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Savouring a Decade of Reforms
month marks the end of the first decade of India’s economic reforms.
What have we accomplished?
the last two years, I have written critically about the pace and content
of the reforms. But today is different: in this feel-good piece, I wish to
demonstrate that the focus on incremental reforms in individual years
results in an understatement of the totality of our achievements. The
analogy is with the hour hand of the clock, which looks completely static,
and yet completes a full circle every twelve hours.
by recalling the industrial policy prevailing prior to the launching of
the reforms. The heavy industry was a state monopoly. Other industry was
either subject to strict industrial licensing or reserved for the
tight control of the government on the industry was aptly captured by a
leading cartoonist in a 1980s comic strip in which the industry minister
is shown telling his staff, "We shouldn't encourage big industry —
that is our policy, I know. But I say we shouldn't encourage small
industries either. If we do, they are bound to become big..."
reforms of the last ten years have gone a long way towards freeing up the
domestic economy from this state control. The state monopoly has been
abolished in virtually all sectors. With rare exceptions, all sectors of
the industry have been opened to the private sector. The Licence Raj is a
thing of the past with the result that limousines of major industrialists
are no longer queued up at the Udyog Bhavan. The small-scale reservation
still persists but even here progress has been made. Apparel, with its
large export potential, has been opened to all investors.
the area of international trade, in 1991, import licensing was pervasive
with goods divided into banned, restricted, limited, permissible and those
subject to open general licensing. The OGL category was the most liberal
but it covered only 30 per cent of the imports. Moreover, certain
conditions had still to be fulfilled before the permission to import was
granted under OGL system.
were also subject to excessively high tariffs. The top rate was 400 per
cent. As many as 60 per cent of tariff lines were subject to rates ranging
from 110 to 150 per cent and only 4 per cent of the tariff rates were
below 60 per cent. The exchange rate was highly over-valued. Strict
exchange controls applied to not just capital account transactions but
also current account transactions. Foreign investment was subject to
stringent restrictions. Companies were not permitted more than 40 per cent
foreign equity unless they were in the high-tech sector or export
oriented. As a result, foreign investment amounted to a paltry $100 to 200
import licensing has been completely abolished. Even as developed
countries continue to protect textiles and clothing sector through the
multi-fibre arrangement, India has done away with quantitative
restrictions in this sector. Our highest tariff rate has come down to 35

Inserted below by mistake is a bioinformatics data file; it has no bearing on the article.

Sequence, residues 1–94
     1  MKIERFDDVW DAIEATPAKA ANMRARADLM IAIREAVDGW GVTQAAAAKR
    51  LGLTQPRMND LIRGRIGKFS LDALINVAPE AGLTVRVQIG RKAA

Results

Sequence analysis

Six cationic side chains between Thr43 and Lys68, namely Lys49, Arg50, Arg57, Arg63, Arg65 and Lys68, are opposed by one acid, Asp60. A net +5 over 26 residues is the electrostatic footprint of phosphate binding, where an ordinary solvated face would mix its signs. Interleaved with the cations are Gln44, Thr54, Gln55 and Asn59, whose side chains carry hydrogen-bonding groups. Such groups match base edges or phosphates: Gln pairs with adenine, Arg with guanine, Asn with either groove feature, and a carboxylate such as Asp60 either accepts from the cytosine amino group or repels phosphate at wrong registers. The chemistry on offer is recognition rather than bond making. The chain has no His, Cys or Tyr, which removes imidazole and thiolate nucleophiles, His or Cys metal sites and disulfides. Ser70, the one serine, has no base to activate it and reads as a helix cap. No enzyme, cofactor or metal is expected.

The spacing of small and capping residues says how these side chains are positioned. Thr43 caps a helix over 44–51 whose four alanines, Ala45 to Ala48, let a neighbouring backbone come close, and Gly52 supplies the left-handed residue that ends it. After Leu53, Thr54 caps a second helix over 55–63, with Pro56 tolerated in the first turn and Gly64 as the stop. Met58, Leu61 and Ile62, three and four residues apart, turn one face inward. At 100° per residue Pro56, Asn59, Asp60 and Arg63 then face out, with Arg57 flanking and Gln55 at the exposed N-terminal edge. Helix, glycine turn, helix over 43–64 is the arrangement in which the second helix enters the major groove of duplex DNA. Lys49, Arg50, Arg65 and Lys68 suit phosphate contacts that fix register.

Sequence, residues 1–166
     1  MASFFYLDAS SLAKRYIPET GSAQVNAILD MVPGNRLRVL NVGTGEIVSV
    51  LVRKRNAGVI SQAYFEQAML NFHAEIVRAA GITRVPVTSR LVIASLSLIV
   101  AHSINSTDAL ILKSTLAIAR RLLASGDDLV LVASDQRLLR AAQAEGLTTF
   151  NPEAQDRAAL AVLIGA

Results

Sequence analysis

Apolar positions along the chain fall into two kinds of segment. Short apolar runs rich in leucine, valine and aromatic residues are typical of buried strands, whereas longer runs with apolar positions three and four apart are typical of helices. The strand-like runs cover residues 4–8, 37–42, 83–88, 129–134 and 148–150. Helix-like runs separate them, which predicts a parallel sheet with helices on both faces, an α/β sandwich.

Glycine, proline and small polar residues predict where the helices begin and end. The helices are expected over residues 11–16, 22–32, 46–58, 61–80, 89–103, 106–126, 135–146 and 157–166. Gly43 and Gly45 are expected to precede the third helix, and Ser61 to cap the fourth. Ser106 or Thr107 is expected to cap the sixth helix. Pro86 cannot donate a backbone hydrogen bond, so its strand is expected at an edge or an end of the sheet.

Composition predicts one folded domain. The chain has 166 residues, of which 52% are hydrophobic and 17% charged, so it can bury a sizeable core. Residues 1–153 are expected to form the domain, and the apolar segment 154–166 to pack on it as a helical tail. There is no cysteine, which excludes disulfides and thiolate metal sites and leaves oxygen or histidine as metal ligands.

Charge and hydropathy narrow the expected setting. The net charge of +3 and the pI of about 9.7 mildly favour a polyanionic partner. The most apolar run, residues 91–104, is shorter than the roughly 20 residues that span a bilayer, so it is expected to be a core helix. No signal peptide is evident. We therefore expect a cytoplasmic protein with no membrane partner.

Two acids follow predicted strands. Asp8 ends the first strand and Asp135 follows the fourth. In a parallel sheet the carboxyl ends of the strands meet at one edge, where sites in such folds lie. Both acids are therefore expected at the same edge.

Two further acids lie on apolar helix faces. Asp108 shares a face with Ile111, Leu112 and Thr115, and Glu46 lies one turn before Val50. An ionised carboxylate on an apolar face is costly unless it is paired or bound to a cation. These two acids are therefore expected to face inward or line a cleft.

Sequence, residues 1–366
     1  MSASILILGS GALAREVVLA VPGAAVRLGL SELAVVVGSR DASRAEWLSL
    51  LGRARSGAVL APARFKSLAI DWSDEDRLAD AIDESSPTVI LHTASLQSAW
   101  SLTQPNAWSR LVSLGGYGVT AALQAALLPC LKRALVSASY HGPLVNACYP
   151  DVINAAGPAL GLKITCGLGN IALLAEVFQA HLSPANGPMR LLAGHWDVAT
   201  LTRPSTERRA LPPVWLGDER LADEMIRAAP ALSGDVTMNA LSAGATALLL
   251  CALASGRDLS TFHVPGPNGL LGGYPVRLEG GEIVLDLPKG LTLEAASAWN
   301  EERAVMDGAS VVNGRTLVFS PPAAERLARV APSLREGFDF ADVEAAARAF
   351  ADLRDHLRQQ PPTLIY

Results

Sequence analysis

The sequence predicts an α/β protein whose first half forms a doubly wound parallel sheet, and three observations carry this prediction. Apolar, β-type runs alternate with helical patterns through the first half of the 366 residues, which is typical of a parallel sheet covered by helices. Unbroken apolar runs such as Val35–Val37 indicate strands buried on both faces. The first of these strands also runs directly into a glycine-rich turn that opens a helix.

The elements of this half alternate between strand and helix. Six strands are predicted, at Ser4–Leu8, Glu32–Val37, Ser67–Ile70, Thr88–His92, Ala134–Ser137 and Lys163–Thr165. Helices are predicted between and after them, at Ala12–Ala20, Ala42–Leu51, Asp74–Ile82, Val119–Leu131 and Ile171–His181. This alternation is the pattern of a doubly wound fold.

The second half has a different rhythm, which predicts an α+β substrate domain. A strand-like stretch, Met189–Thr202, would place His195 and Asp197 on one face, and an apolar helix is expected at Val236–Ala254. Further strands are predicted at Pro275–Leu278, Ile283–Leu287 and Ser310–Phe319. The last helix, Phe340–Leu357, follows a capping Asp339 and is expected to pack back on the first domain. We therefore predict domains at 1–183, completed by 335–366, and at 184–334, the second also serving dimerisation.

per cent with the average tariff rate declining to approximately 25 per
cent. Our foreign investment regime is as liberal as in other developing
years ago, telecommunications services were a state monopoly and
constituted a major bottleneck on the conduct of business activity. So
callous was the attitude of the government that when a Member of
Parliament complained about poor telephone service in Delhi during early
1980s, the then telecommunications minister proceeded to remind him that
in a poor country like India, telephone was a luxury. The minister then
added that if the Member was unhappy with the service, he could return his
phone since many customers had been queued up for it for years.
private sector has become an active participant in the telecommunications
sector and the New Telecom Policy, issued in 1999, sets the target of
providing telephones on demand by the year 2002. In many cities, this goal
has already been achieved. The provision of cellular mobile as well as
fixed service is now open to private sector including foreign investors.
As a result of these changes, telecommunications services in India are
has also been made in many areas that were previously off limits to
reforms. Insurance has been opened to private investors, both domestic and
foreign. Diesel oil and gas prices have undergone some increases. At least
symbolic reductions have also been made in fertiliser and food subsidies.
The value-added tax has undergone a substantial rationalisation.
reforms have paid handsomely. We have been able to achieve a growth rate
of more than 6 per cent with full macroeconomic stability. The rate of
inflation has been low and foreign exchange reserves are sufficient to
finance imports for more than eight months.
the greatest change in the last ten years has perhaps been in the attitude
towards reforms. As Vijay Kelkar, Executive Director, IMF, puts it,
whereas the reforms in early 1990s were crisis driven, today, they are
consensus driven. Initial fears that changes in governments will bring the
reform process to a halt have turned out to be unfounded. Governments have
come and gone but reforms have stayed.
now have a prime minister who actively seeks the roadmap of reforms from
his Economic Advisory Council so that he may double the country's
per-capita income in the next decade. We have a commerce minster, who
boldly refuses the demands for a firewall of tariffs by the industry. And
we have a finance minister who is keen to push ahead with reforms with
each successive budget.
to the launching of the 1991 reforms, in a speech at the World Bank, Abid
Hussain joked that while pessimistic Indian economists thought things
could not get any worse, optimistic economists thought they could.
our optimism need not be so muted. Of
course, much remains to be done. But that is the subject of future
Times, July 18 2001